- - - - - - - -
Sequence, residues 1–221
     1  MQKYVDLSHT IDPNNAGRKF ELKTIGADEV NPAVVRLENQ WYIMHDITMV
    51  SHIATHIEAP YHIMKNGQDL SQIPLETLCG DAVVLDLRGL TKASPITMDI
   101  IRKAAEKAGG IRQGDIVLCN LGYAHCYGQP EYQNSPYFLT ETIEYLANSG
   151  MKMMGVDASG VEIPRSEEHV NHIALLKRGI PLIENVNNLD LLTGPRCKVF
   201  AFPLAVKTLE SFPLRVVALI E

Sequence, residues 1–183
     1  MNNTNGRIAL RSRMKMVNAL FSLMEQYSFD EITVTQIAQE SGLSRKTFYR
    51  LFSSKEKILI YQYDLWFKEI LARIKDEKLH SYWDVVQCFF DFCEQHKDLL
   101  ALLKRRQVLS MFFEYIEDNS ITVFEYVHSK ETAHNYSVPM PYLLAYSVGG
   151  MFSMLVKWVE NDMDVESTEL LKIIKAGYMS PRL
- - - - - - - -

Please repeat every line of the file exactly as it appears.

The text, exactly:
Sequence, residues 1–221
     1  MQKYVDLSHT IDPNNAGRKF ELKTIGADEV NPAVVRLENQ WYIMHDITMV
    51  SHIATHIEAP YHIMKNGQDL SQIPLETLCG DAVVLDLRGL TKASPITMDI
   101  IRKAAEKAGG IRQGDIVLCN LGYAHCYGQP EYQNSPYFLT ETIEYLANSG
   151  MKMMGVDASG VEIPRSEEHV NHIALLKRGI PLIENVNNLD LLTGPRCKVF
   201  AFPLAVKTLE SFPLRVVALI E

Sequence, residues 1–183
     1  MNNTNGRIAL RSRMKMVNAL FSLMEQYSFD EITVTQIAQE SGLSRKTFYR
    51  LFSSKEKILI YQYDLWFKEI LARIKDEKLH SYWDVVQCFF DFCEQHKDLL
   101  ALLKRRQVLS MFFEYIEDNS ITVFEYVHSK ETAHNYSVPM PYLLAYSVGG
   151  MFSMLVKWVE NDMDVESTEL LKIIKAGYMS PRL